Last weekend I attended a birth mom retreat; it was the first ever, hosted by the group "After the Gift", through the Catholic Diocese of Wichita (Kansas). For those of you who are trying to process this last statement, allow me to clarify in layman's terms: it was a retreat for women who chose adoption for their children. It was the first retreat of its kind, for the Wichita Diocese. I grew up near Wichita (Halstead, to be exact), therefor the Wichita Diocese has a special place in my heart. It's a fabulous diocese; one that has something like 55 seminarians (young men in the seminary pursing vocations in the priesthood) and a beautiful Spiritual Life Center. To put this in perspective to other dioceses that I've lived in: Salina Diocese (Kansas) has maybe 4 (?) seminarians, while Pueblo has possibly 6 (?). Wichita is blessed. Incredibly.
For those who are still trying to jump over that hump in their mind (So, you're saying you've had a kid?), I'll clarify again. Yes, I have had a child. Yes, I chose adoption for this child. No, it's not like foster care. Yes, I chose the family. No, I do not text his parents daily for updates. No, I'll never get over "it". No, I haven't regreted one day since April 29, 2009. No, I do not think I'm selfish. No, I do not think I'll be a "bad parent", because I chose adoption for my son. Yes, I am in communication with his parents (Aaron met them in August 2010). So, that answers the next question "Does Aaron know?!" Of course, he knows. His family knows. My family knows. Now, you do as well. Aren't we all special?
For me, adoption was a no brainer. I was at a point in my life where there recently was no male in the home. Yes, I was financially able to support a child. However, again, there was no male in the home. Shocking to many, my mother suggested adoption quickly after it was apparent that I and another person were not going to work our relationship and issues out. At first, I was offended that she'd suggest me, a woman with pursing a Masters degree, me, a women who had a good full time position with benefits, would consider adoption. I had always dreamed that the girl who chose adoption was 16, addicted to drugs, from a broken home, and a high school drop out. I was NOT one of "those" type of people. Heavens no. I went to mass every Sunday; I was active with St. Thomas More parish, reading at mass. I was a pretty person with a beautiful future. I was NOT one of those girls. Ew. I had a COACH bag collection (real Coach bags). I had a perfect life.
Yet, I did not. I did not have the perfect life for the child that I had no previous plans for. My life was just starting to pick up speed, after a painful relationship, for both me and him. I was starting clean. Fresh slate. So many boys, so little time. Yet, my life was put on hold for the most precious boy, my son. The deciding question as to whether to choose adoption or parenting for my child was from my mom "Were there ever any times in your life that you were happy that your Dad was there, in the house?" I could have been sarcastic and responded that I'd prefer he wasn't there as much as he was (I was an envelope pusher and Daddy was the disciplinarian in the house). But, in all seriousness, that question made the decision. He would be given a better life if I made this decision.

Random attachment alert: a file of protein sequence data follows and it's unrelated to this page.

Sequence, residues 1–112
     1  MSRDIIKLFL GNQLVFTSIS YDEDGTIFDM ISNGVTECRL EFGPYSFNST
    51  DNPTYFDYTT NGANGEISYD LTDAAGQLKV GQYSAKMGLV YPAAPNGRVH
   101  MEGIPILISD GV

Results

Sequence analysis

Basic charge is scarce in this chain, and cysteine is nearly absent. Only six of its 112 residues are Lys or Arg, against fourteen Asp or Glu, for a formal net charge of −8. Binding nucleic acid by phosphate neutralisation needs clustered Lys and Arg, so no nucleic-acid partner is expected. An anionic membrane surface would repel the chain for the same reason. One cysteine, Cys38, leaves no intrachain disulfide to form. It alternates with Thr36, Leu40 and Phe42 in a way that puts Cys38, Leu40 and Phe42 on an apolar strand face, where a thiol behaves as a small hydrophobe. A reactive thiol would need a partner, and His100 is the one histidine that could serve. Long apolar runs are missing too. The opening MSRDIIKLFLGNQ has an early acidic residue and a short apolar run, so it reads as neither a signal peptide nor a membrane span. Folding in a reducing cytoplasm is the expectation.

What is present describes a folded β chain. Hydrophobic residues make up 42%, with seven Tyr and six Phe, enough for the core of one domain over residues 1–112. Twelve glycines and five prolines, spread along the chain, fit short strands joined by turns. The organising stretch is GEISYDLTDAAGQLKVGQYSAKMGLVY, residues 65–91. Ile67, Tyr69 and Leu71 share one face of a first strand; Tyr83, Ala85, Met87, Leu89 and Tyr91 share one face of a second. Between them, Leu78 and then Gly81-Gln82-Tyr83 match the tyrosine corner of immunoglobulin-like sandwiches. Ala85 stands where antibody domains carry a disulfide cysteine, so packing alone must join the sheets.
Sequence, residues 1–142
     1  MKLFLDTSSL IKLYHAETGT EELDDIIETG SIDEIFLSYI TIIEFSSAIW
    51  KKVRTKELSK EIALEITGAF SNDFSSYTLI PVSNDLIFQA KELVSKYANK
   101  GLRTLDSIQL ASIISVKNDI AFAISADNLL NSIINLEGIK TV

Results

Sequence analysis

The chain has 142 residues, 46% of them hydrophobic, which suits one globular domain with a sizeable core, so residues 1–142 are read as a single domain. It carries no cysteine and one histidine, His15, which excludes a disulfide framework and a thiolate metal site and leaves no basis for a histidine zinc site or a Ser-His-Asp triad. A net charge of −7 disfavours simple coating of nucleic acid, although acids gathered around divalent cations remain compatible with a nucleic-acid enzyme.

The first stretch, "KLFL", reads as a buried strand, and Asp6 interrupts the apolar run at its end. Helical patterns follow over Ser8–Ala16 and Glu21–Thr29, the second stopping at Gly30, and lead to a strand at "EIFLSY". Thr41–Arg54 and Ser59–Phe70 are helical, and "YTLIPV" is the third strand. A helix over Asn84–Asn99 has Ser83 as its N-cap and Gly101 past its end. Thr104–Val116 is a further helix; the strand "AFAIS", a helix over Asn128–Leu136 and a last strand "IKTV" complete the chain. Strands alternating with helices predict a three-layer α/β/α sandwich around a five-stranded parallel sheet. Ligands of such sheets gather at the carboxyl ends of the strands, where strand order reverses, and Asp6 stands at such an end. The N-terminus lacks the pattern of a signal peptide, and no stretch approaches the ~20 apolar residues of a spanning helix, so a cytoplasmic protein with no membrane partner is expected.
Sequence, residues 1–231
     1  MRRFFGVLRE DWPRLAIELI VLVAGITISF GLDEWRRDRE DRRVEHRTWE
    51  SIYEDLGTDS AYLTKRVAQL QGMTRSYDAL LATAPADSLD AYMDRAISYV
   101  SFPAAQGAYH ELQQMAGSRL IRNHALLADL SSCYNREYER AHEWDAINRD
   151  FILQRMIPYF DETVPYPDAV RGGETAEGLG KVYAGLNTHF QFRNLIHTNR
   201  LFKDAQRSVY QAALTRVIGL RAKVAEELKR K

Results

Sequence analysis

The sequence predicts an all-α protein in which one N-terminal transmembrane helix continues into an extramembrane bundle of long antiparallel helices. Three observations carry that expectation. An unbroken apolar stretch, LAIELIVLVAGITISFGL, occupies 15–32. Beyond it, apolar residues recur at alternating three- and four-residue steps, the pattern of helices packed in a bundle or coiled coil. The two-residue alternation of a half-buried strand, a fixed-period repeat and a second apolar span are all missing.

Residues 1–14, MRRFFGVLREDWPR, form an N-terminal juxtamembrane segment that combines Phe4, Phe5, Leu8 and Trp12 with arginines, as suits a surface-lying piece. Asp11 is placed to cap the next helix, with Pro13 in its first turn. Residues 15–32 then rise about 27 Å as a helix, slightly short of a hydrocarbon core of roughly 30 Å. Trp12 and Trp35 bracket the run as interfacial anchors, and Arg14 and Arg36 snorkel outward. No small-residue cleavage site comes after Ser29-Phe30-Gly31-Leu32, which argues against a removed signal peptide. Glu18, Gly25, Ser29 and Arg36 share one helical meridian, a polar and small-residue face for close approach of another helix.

Now, for those of you who were raised in single parent homes, I am not throwing ash and dust and blame on your situation. I am not raising myself to an elitist snob position and claiming that in ALL situations, a child is better off with TWO parents in the home. In MY situation, a child would not be given the best opportunity at a healthy emotional life. Again, the relationships in my life (at that time) were not healthy. The child would have no stability and would grow up in homes where his parents resented and blamed the other. Holidays would be split; harsh biter words would be said.
This retreat was a beautiful blessing for my grieving process; to be around women who all chose adoption for their children, was priceless. These women ranged from age 65 to 17. Each women's adoption was different; some have extremely open adoptions, while others have closed and do not know where their child is. However, we all made the unique decision for our children to be given a better chance at life. I was informed by some that I was selfish for choosing adoption; that I was running from the challenge of parenting. Something that we all learn, is that everyone has an opinion for the decisions we made. God bless.
I suppose the purpose of this post, is to 1) inform you of this amazing organization (After the Gift) and hope that someone will know someone who may benefit from the experience of attending a retreat hosted by this group. I plan to become more involved with the women and this group, in hopes that I am able to reach out a hand to a women who needs support, as I did. 2) continuing to share my story, constantly helps with my grieving process. Again, I'll never be over it. Everyday, I grieve. I feel that those of you who have lost a child or family member would agree. Everyday, the grieving process continues and it never does "stop".
I feel that I should again encourage you, that if you know someone who is considering the three options that are available to pregnant women and you feel that they may benefit from communicating with me, let me know. I'm always willing and wanting to help other girls who need someone to talk with who has "been there". Because, I've been there........